When most companies do something new to their product, they blare the trumpets and shout it from the rooftops. How many times have you seen some thing say “NEW,” but upon closer inspection find that there really isn’t a fundamental difference there?

Kraft took the opposite approach with its iconic Macaroni and Cheese. The company changed the ingredients on its signature product, yet did not market the fact. They removed all the artificial ingredients and dyes without fanfare and sold 50 million boxes more before they publicly acknowledged it. What a gutsy decision.

Someone in marketing at Kraft realized that the mind is a powerful tool. If your brain thought the Macaroni and Cheese was not only different, but missing something, I would all but guarantee that it would not taste the same. Maybe it wouldn’t be bad, but it wouldn’t be unchanged. Why risk a drop in sales or a public relations nightmare like New Coke when the new ingredients actually involved making the product more natural?

Now that most of the repeat consumers have had a chance to try the revised product, it seems Kraft believes it is safe to proclaim the new ingredients in hopes of attracting a few new customers who would like the no-artificial aspect of the dinner. So now Kraft has new box labeling and even point of purchase displays — six months later.

I would have liked to have been in the room when invariably discussions were held about whether to proclaim the change or remain silent. I think people face that dilemma in many ways. Do you tell all the employees that you have received a windfall, or keep quiet so that people keep pushing toward the goal? What about warning people about a very slim chance of a problem? If you change the ventilation system, should you tell people or does the mere fact of knowing it is different prompt false concerns? Do you tell your partner you swapped out coconut oil for vegetable oil in your recipe?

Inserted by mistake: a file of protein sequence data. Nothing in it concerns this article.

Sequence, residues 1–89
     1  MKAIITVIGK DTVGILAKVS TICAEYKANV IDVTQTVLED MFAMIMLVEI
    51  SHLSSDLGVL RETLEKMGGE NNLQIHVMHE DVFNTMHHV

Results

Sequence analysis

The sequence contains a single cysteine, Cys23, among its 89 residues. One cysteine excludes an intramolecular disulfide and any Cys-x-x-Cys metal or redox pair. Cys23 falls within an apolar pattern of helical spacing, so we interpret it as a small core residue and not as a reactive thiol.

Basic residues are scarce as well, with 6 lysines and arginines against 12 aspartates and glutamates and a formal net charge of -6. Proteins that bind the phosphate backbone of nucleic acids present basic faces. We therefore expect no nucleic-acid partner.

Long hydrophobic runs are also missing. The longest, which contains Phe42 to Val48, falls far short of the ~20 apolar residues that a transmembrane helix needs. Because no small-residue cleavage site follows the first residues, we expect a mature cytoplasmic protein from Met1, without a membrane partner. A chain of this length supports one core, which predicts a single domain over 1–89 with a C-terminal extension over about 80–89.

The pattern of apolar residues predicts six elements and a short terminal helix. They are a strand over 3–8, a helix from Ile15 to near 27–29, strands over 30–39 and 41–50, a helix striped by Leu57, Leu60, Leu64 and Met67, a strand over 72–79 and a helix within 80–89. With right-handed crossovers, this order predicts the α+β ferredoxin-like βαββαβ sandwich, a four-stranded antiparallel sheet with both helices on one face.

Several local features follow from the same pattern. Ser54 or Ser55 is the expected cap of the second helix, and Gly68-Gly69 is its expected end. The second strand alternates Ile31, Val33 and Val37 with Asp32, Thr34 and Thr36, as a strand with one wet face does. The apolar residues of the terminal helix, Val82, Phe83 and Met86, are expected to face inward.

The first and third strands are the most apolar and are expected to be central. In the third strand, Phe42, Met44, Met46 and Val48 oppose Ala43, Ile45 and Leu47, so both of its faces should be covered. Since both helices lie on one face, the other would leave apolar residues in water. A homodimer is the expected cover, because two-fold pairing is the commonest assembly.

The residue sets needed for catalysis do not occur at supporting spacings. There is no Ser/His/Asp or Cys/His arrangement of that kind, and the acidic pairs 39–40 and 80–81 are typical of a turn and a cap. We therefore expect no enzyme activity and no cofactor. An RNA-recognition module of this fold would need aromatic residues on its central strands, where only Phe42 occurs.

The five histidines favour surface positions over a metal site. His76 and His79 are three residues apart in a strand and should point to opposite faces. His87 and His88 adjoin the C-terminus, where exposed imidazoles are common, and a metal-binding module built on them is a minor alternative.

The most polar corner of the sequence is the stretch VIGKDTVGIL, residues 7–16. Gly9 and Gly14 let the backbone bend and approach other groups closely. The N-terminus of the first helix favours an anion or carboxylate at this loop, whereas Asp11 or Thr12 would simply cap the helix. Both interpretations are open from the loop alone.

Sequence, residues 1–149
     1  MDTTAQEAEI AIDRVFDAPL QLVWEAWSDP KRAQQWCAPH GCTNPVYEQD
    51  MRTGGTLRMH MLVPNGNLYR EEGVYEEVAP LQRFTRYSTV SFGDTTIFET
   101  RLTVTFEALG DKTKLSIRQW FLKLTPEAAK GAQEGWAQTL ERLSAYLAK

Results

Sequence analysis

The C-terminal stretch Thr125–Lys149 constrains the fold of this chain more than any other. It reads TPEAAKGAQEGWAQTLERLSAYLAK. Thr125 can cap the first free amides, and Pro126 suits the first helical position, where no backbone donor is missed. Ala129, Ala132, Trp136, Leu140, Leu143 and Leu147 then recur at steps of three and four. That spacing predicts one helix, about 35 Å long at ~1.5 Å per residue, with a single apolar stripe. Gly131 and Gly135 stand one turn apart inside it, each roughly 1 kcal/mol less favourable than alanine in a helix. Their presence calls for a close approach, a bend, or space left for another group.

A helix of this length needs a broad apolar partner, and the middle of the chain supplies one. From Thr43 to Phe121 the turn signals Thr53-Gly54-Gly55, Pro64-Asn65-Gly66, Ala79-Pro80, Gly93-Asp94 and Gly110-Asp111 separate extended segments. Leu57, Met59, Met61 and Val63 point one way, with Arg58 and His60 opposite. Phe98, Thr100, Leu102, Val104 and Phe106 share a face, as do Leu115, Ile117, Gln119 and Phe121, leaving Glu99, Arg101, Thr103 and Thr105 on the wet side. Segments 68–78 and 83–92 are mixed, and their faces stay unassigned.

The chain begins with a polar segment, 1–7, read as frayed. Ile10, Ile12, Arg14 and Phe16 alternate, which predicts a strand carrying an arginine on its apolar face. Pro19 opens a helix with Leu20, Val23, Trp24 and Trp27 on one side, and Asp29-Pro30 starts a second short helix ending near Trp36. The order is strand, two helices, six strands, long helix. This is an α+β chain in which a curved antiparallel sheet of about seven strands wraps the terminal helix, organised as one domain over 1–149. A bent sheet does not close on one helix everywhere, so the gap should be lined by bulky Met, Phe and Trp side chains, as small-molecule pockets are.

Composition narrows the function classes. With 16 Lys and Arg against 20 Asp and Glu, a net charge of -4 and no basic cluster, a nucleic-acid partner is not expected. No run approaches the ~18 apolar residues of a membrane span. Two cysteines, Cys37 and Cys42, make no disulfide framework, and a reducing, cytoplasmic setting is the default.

There are many scenarios where transparency and prompt communication are warranted. I would venture to say that in most situations you are better off with that tactic. But as Kraft has shown, if the change is a positive one, you may consider a stealth implementation to gain validity before you get a contrived mental vilification.

beth triplett
leadershipdots.blogspot.com
@leadershipdots
leadershipdots@gmail.com

Source: Did you even notice your Kraft Mac & Cheese has no artificial ingredients? by Jason Best, March 8, 2016, on takepart.com

Thanks to Amy for sharing!









About the Author leadership dots by dr. beth triplett

Dr. beth triplett is the owner of leadership dots, offering coaching, training and consulting for new supervisors. She also shares daily lessons on her leadershipdots blog. Her work is based on the leadership dots philosophy that change happens through the intentional connecting of small steps in the short term to the big picture in the long term.

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